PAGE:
Psalm 130:6
Parallel Verses
New American Standard Bible
My soul waits for the Lord More than the watchmen for the morning; Indeed, more than the watchmen for the morning.

King James Bible
My soul waiteth for the Lord more than they that watch for the morning: I say, more than they that watch for the morning.

Darby Bible Translation
My soul waiteth for the Lord more than the watchers wait for the morning, more than the watchers for the morning.

World English Bible
My soul longs for the Lord more than watchmen long for the morning; more than watchmen for the morning.

Young's Literal Translation
My soul is for the Lord, More than those watching for morning, Watching for morning!

Psalm 130:6 Parallel
Barnes' Notes on the Bible

My soul waiteth for the Lord more than they that watch for the morning - More intently; more anxiously. The Septuagint and Latin Vulgate render this, "My soul hopeth in the Lord from the morning watch until night." The idea is that of watchers - night guards - who look anxiously for the break of day that they may be relieved. It is not that of persons who simply look for the return of day, but of those who are on guard - or it may be who watch beside the sick or the dying - and who look out on the east to mark the first indications of returning light. To them the night seems long; they are weary, and want repose; all around is cheerless, gloomy, and still; and they long for the first signs that light will again visit the world. Thus in affliction - the long, dark, dreary, gloomy night of sorrow - the sufferer looks for the first indication, the first faint ray of comfort to the soul. Thus under deep conviction for sin, and deep apprehension of the wrath of God - that night, dark, dreary, gloomy, often long - the soul looks for some ray of comfort, some intimation that God will be merciful, and will speak peace and pardon.

I say, more than they that watch for the morning - Margin, which watch unto the morning. The translation in the text best expresses the sense. There is something exceedingly beautiful and touching in this language of repetition, though it is much enfeebled by the words which our translators have inserted, "I say, more than." The Hebrew is, "more than they that watch for the morning - watch for the morning," as if the mind dwelt upon the words as better expressing its own anxious state than any other words could do. Everyone who has been afflicted will feel the force of this; every one who has been under conviction of sin, and who has felt himself in danger of suffering the wrath of God, will remember how anxiously he longed for mercy, for light, for peace, for some indication, even the most faint, like the first ray which breaks in the east, that his soul would find mercy and peace.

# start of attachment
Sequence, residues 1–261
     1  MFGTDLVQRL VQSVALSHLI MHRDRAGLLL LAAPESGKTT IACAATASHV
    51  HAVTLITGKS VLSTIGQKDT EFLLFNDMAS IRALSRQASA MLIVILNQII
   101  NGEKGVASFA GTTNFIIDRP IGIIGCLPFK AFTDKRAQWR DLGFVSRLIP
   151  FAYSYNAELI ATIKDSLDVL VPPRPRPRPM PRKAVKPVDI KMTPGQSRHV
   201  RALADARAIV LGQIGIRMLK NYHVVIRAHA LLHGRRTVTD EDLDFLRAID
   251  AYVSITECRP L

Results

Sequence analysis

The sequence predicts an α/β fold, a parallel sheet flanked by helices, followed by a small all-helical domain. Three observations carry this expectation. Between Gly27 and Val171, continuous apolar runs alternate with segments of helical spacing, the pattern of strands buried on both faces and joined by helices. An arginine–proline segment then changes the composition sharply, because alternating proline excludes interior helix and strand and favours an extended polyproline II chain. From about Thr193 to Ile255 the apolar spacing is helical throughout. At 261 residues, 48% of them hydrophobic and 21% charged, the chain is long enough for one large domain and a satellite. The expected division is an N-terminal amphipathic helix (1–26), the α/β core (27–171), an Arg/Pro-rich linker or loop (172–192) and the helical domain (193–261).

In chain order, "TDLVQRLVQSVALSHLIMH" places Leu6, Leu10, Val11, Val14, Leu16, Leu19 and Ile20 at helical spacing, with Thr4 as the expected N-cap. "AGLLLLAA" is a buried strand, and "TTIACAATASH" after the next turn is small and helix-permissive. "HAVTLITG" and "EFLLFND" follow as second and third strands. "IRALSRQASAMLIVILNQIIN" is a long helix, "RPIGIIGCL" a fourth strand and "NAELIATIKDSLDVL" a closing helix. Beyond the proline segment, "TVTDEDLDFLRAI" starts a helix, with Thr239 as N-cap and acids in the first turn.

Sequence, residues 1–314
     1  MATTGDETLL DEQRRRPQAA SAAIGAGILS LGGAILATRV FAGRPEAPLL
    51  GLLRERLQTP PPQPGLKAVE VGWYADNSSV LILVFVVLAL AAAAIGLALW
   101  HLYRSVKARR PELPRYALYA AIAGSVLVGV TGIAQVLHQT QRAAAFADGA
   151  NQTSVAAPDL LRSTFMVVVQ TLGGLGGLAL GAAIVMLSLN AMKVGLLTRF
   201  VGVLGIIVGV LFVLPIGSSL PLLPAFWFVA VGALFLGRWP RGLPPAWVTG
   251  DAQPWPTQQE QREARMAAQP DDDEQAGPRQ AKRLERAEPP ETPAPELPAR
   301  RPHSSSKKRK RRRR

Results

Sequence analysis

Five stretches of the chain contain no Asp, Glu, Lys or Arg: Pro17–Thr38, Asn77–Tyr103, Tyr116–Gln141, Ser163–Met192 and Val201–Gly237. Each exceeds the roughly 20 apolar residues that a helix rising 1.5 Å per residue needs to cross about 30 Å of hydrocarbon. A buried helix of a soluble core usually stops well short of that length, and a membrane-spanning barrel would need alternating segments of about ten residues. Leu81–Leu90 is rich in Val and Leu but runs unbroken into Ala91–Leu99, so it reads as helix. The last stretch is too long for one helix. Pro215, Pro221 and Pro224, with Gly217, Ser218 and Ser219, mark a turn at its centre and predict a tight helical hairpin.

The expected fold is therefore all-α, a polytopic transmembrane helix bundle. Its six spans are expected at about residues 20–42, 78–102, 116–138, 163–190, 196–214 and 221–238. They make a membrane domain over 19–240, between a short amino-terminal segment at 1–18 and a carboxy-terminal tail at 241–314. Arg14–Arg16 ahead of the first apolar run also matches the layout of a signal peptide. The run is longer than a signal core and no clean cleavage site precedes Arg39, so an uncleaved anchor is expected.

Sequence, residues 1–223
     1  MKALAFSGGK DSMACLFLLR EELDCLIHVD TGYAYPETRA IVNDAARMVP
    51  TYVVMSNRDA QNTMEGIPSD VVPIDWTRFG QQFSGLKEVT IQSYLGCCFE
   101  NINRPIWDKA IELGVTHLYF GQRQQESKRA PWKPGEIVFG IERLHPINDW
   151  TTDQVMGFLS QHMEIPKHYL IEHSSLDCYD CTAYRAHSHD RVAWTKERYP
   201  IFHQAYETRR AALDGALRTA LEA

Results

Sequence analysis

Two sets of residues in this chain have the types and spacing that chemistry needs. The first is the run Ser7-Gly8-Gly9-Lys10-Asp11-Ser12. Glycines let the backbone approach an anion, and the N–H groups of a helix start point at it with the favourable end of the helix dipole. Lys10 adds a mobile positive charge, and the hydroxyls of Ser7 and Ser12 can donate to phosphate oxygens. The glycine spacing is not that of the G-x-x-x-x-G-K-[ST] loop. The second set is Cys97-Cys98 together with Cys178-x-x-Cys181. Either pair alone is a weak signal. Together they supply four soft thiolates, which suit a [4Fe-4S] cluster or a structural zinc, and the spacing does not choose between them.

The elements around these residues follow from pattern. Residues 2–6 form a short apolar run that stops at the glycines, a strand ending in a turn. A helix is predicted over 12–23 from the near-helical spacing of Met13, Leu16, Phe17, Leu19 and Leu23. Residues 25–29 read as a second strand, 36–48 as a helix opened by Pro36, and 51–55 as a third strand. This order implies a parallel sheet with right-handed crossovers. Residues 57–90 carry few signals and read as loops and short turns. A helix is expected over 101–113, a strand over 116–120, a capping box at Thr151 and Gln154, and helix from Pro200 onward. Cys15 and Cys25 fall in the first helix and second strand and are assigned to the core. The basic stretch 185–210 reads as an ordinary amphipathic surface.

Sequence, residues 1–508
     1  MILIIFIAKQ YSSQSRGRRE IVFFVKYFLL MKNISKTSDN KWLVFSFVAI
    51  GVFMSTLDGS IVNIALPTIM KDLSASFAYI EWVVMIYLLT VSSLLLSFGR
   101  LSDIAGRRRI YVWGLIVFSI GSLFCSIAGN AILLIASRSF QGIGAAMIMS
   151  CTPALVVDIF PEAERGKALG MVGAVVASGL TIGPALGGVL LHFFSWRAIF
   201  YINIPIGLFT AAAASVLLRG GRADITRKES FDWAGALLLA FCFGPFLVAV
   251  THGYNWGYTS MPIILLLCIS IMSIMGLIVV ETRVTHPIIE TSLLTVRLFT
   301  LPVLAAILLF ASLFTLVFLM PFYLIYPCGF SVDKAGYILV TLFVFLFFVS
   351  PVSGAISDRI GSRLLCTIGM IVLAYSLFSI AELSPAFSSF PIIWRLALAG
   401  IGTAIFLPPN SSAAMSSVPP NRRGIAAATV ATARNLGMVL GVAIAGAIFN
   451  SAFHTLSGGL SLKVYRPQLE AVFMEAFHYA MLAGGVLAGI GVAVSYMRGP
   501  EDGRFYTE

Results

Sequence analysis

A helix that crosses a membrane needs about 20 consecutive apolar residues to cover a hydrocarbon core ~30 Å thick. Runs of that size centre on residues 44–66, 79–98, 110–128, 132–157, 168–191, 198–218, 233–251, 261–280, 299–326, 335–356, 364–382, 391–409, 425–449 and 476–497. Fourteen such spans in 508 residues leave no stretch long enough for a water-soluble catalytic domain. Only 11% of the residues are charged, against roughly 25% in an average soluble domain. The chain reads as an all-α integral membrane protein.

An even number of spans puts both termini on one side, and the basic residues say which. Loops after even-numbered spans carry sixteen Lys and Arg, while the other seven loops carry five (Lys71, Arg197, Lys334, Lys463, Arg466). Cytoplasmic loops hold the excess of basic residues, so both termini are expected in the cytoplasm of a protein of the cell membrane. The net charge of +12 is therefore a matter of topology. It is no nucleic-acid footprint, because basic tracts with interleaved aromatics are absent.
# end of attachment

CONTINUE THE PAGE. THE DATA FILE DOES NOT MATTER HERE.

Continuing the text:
Psalm 130:6 Parallel Commentaries

'de Profundis'
PSALM cxxx. 1. Out of the deep have I cried unto thee, O Lord. Lord, hear my voice. What is this deep of which David speaks so often? He knew it well, for he had been in it often and long. He was just the sort of man to be in it often. A man with great good in him, and great evil; with very strong passions and feelings, dragging him down into the deep, and great light and understanding to show him the dark secrets of that horrible pit when he was in it; and with great love of God too, and of
Charles Kingsley—The Good News of God

Fervent Supplication. --Ps. cxxx.
Fervent Supplication.--Ps. cxxx. Out of the depths of woe, To Thee, O Lord! I cry; Darkness surrounds me, but I know That Thou art ever nigh. Then hearken to my voice, Give ear to my complaint; Thou bidst the mourning soul rejoice, Thou comfortest the faint. I cast my hope on Thee, Thou canst, Thou wilt forgive; Wert Thou to mark iniquity, Who in thy sight could live? Humbly on Thee I wait, Confessing all my sin; Lord, I am knocking at thy gate, Open and take me in. Like them, whose longing
James Montgomery—Sacred Poems and Hymns

Its Meaning
Deliverance from the condemning sentence of the Divine Law is the fundamental blessing in Divine salvation: so long as we continue under the curse, we can neither be holy nor happy. But as to the precise nature of that deliverance, as to exactly what it consists of, as to the ground on which it is obtained, and as to the means whereby it is secured, much confusion now obtains. Most of the errors which have been prevalent on this subject arose from the lack of a clear view of the thing itself, and
Arthur W. Pink—The Doctrine of Justification

The piety of the Old Testament Church is reflected with more clearness and variety in the Psalter than in any other book of the Old Testament. It constitutes the response of the Church to the divine demands of prophecy, and, in a less degree, of law; or, rather, it expresses those emotions and aspirations of the universal heart which lie deeper than any formal demand. It is the speech of the soul face to face with God. Its words are as simple and unaffected as human words can be, for it is the genius
John Edgar McFadyen—Introduction to the Old Testament

Psalm 130:5
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